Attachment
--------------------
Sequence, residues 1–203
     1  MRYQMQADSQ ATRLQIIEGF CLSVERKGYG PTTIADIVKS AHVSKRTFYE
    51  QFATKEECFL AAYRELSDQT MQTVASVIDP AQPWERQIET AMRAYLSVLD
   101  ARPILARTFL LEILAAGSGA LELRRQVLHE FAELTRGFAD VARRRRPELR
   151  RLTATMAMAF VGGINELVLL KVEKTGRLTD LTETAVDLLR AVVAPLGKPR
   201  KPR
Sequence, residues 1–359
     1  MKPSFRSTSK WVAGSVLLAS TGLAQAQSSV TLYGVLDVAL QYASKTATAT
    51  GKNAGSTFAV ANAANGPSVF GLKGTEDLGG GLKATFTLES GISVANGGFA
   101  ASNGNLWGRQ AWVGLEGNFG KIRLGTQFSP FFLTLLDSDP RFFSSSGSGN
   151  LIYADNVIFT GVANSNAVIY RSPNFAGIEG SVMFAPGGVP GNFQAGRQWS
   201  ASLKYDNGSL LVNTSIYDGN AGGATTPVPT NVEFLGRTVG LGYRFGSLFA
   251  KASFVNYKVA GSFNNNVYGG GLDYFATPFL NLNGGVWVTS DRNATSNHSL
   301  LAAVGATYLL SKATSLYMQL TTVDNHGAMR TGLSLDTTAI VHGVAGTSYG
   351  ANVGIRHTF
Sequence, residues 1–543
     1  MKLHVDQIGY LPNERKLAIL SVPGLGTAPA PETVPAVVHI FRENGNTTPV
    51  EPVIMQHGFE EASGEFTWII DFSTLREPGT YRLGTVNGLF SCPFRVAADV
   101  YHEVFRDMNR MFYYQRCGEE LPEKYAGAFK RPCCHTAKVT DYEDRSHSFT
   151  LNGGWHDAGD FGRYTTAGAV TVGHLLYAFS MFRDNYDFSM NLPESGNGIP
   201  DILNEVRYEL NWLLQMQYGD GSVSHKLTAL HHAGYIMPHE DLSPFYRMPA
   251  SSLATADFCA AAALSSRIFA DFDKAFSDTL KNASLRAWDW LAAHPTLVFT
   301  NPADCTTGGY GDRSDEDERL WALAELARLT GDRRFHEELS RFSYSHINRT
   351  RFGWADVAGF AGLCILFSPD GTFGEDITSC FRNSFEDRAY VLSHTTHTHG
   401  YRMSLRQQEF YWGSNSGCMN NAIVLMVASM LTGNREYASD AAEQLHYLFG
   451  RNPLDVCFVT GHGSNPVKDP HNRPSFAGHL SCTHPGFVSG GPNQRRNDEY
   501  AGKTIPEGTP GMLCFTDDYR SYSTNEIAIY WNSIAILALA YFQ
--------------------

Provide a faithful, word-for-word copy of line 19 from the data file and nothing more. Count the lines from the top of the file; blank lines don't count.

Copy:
   101  YHEVFRDMNR MFYYQRCGEE LPEKYAGAFK RPCCHTAKVT DYEDRSHSFT